Who are we going to call?

Maybe an Olympic oarsman, a downhill skier, a medal-winning sportswoman? Or perhaps a choreographer, a composer, a world-renowned film director?

Well, yes, any one of these could, I’m sure, be compelling and interesting. But perhaps we should first give a little thought to our selection criteria. Let’s examine the lessons we’re seeking to learn.

A first class sports person will prompt our colleagues to consider competition, goals and incremental improvement; team building, training and total honesty. They’ll teach us about the hard yards and the extra mile; to step up to the plate, to play the ball not the man, to want it more. There’s no ‘I’ in team. They’ll teach us all these things because fundamentally sport inspires people to perform.

We may, on the other hand, be keen to accelerate transformational change within our business. In which case sports people may not be so suited to the task. Setting aside the occasional formation adjustment and Fosbury Flop, for the most part athletes play the same game, on the same pitch, with the same rules. They’re seeking to be better, not different.

So if we’re looking to learn about change, we may prefer to talk to the cultural community. People from the arts world are daily engaged in innovation and invention, pioneering new paths and new perspectives. Art is an expression and catalyst of difference.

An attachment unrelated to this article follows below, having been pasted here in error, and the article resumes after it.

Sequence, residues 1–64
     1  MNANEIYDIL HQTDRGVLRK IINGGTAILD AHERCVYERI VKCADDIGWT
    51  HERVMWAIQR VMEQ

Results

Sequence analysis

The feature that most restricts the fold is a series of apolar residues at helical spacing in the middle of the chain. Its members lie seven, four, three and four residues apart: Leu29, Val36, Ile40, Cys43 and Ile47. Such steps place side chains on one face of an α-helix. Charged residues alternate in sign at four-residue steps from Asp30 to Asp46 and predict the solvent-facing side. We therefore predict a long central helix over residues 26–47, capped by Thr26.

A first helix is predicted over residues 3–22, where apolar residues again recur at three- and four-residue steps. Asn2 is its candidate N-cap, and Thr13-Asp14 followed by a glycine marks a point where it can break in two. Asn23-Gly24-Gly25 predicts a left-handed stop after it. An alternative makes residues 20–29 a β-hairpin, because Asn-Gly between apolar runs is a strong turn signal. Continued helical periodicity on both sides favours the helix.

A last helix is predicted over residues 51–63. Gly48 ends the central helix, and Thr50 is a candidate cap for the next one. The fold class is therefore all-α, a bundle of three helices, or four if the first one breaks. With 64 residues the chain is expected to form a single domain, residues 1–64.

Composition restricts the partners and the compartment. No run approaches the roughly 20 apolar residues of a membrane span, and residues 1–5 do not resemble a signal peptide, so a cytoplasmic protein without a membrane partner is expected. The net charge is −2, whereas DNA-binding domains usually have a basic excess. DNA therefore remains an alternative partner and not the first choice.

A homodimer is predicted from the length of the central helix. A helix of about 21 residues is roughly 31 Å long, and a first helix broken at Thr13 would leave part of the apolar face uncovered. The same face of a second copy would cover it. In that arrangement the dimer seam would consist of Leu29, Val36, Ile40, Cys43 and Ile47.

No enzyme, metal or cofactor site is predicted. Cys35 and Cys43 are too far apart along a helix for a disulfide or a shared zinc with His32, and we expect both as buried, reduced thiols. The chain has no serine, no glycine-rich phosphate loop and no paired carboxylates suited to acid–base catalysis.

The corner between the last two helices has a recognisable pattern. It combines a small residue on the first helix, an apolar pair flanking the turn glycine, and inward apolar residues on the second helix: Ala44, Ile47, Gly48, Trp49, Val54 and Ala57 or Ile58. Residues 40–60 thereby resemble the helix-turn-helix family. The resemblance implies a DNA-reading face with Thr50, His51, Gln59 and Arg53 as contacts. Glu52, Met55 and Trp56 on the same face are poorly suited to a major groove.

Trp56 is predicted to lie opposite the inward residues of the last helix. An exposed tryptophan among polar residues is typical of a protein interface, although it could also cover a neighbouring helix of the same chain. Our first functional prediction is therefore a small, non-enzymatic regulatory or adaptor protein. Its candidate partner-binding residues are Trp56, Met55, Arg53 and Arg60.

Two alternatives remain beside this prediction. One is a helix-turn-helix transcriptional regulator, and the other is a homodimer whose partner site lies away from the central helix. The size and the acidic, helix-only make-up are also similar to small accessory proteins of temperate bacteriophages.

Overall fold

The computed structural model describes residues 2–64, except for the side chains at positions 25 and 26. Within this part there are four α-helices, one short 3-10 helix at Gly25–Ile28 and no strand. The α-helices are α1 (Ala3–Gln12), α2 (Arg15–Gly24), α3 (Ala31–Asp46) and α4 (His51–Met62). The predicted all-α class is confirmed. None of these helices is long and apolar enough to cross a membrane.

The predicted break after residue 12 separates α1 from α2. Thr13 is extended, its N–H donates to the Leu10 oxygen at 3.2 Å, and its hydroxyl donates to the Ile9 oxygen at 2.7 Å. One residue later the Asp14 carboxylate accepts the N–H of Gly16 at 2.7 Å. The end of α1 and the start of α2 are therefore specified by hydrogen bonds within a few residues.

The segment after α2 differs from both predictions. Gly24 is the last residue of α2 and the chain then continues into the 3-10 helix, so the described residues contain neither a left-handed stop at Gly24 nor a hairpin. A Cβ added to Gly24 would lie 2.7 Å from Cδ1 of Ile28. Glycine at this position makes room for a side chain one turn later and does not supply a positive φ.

I think my most memorable marketing conference was one organised by Unilever in Dublin many years ago. A selection of actors and authors, poets and playwrights addressed the management teams of various global brands. They spoke to us about their sources of invention, the craft of creativity, the ‘habit of art’. You may well say that these themes were a million miles away from deodorant, detergent, blue bleach and yellow fats. But they seemed entirely relevant. Because they were all concerned with change.

I was interested therefore to see that Central Saint Martins, the London-based art and design school, and Birkbeck, the university that specialises in business education for working people, have recently combined to offer an MBA course. The course will bring together 'creative thinking with a rigorous business and economics base.' The shape of things to come perhaps.

“In an ever changing and ever more complex world, business leaders and entrepreneurs are going to need new ways of thinking and doing.”

Prof Jeremy Till, Dean of Central Saint Martins

Artemisia Gentileschi- Self Portrait as the Allegory of Painting